F. Scott Schafer/Bravo
May 31, 2017
In The Mix

Bard at Work

Between TV, radio and publishing, Andy Cohen is rewriting the rules of success.

Bruce Fretts

Forget Howard Stern. Andy Cohen is the new king of all media.

With numerous Bravo series — including the late-night talkfest Watch What Happens Live with Andy Cohen, which he hosts and executive-produces — as well as Fox’s upcoming Love Connection reboot, which he hosts and coexec-produces, he curates a Sirius XM radio channel (Radio Andy), has his own book-publishing imprint and tours live with pal Anderson Cooper (AC2: An Intimate Evening with Anderson Cooper & Andy Cohen).

It’s surprising that Cohen, also a New York Times best-selling author, ever gets a chance to sleep. Somehow, he found time in his busy schedule to chat with emmy contributor Bruce Fretts.

Watch What Happens Live with Andy Cohen is still going strong. You’ve moved into a bigger space with a larger audience — how has that affected the show?

It’s energized us. It’s funny that we’re talking about moving from a Tic Tac to a studio apartment. It’s just big enough. What we’ve established over almost eight years on the air is that this little clubhouse means something to our viewers, so we didn’t want to mess with the authenticity and the relationship that we already had with the viewers. The intimacy of the show is one of the things that sets it apart from all the other late-night shows.

What makes a good guest?

Someone willing to go along for the ride. Not only indulge my irritating, nosy questions, but be willing to have fun and go there. They’ve seen the show and know that they need to play along. They know that I’m there to ultimately celebrate them, not to trap them. I want to have fun with them.

Any big surprises among the guests?

Usually, I’m pleasantly surprised. Actually, Charlie Sheen was on for the first time a few  weeks ago. I was a little nervous, because I had a lot of personal, shady questions for him. I was  thinking, I hope he doesn’t think this is like all the other late-night shows. I walked in and could tell he was ready to go.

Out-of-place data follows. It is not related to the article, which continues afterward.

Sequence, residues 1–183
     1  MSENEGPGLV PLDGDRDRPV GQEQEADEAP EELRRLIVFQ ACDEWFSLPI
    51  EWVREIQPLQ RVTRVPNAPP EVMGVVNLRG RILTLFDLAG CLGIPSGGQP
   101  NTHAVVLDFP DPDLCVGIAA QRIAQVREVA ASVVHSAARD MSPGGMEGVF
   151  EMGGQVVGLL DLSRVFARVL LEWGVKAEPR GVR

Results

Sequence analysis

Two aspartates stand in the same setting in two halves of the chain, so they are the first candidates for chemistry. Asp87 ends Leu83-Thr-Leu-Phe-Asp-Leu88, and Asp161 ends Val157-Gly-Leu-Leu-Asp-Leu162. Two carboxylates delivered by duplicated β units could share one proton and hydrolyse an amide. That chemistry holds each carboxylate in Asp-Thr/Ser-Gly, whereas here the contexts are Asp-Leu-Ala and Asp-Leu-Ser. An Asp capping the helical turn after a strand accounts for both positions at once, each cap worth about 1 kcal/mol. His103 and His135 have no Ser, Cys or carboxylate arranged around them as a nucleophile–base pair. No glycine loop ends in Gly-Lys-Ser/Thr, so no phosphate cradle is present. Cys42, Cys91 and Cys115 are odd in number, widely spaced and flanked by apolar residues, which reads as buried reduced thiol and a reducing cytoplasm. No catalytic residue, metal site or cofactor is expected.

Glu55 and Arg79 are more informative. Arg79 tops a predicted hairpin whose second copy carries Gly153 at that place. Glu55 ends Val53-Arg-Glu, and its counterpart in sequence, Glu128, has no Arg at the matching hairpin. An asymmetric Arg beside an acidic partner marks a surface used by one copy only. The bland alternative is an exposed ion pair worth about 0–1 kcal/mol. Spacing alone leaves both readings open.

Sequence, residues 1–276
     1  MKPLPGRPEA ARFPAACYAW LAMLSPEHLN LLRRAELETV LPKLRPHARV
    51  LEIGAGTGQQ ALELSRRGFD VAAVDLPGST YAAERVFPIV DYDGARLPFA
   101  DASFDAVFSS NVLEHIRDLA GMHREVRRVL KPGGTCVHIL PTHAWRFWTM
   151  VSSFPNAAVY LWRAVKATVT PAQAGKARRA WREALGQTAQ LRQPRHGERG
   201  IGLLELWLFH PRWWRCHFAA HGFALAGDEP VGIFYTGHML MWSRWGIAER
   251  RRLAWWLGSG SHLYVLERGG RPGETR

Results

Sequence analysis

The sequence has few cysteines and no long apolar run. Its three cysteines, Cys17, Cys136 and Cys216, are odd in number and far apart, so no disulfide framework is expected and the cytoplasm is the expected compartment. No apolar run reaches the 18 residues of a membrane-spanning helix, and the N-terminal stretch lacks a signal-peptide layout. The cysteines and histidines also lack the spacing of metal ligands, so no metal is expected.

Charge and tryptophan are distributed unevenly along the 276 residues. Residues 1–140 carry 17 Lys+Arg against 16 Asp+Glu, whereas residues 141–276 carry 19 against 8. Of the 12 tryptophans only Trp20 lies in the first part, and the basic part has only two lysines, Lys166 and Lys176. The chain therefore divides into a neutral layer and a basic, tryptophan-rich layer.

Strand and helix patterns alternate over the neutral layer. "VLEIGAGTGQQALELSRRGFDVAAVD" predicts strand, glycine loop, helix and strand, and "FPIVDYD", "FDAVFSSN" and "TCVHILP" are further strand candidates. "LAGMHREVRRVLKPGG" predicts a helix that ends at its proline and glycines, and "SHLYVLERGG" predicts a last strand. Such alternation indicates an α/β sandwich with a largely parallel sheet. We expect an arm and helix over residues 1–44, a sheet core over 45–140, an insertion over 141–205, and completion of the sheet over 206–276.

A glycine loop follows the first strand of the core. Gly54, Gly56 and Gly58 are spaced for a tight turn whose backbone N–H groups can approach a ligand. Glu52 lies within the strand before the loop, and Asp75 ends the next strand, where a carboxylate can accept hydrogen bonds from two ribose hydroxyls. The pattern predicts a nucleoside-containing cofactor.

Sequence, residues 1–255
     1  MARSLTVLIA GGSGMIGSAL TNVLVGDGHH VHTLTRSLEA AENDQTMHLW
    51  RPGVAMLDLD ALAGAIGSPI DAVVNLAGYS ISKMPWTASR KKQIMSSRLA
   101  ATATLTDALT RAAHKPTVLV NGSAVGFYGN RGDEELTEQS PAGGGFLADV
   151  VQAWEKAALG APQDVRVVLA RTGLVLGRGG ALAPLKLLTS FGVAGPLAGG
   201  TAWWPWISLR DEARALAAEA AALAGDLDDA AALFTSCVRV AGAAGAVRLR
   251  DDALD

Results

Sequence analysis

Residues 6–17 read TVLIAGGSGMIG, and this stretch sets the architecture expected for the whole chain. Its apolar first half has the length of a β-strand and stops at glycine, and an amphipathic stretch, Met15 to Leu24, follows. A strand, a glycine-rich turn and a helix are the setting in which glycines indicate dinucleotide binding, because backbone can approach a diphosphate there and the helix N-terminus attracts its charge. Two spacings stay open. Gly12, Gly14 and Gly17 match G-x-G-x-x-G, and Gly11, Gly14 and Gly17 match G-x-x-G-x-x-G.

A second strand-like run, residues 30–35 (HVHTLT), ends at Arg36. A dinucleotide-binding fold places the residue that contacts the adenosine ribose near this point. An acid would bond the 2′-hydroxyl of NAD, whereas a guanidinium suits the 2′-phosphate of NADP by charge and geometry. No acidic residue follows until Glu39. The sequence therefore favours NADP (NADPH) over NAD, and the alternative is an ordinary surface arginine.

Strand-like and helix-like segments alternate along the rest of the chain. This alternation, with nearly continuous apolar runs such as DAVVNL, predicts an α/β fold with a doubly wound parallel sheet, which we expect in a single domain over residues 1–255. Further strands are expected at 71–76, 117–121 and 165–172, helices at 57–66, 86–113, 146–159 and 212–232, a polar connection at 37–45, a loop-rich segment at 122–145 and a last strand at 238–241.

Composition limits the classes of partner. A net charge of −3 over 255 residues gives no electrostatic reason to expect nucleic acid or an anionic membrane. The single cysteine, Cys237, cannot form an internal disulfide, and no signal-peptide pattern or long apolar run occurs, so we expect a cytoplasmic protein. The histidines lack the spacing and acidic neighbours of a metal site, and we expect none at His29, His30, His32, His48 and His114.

Any guests on your wish list you haven’t gotten yet?

I’ve always wanted Michelle Obama. Maybe with her book coming out next year, that’s on the  horizon. We’ve had so many great turning points in the show’s eight-year run. Meryl Streep did  the show. That opened up a lot of movie studios to booking casts on the show.

How has late night changed since you started? 

There’s a lot more attention to what’s going on in late night right now. It’s an exciting time. What’s cool for us is, we’re still the one live show in late night, which we love. We love that flexibility and uniqueness.

There’s a lot of talk about political humor. Where does your show fall on the spectrum of  being more or less political?

Because we’re live — if it’s appropriate — we talk to our guests about what happened that day. If something happens at night, we can get it on the air immediately. That picture of Kellyanne Conway [kneeling] on the couch [in the Oval Office] went viral the following day. We were able to crack jokes about it that night, because it came out after the other shows had taped. That’s fun for us.

What interested you about re-making Love Connection?

Well, it’s the perfect format. Don’t we love prying into people’s personal lives? There will definitely be more diversity. I loved the original show. I used to watch it with my parents all the time.

How did you end up doing live shows with Anderson Cooper?

We just have so much fun together! That’s a side project, for someone who maybe doesn’t need a side project. We hit the road and we share stories and make people laugh.

You have a great affinity for each other.

We’ve got great chemistry. We’re kind of high and low — pop culture meets news. We somehow meet in the middle.

This article originally appeared in emmy magazine, Issue No. 5, 2017

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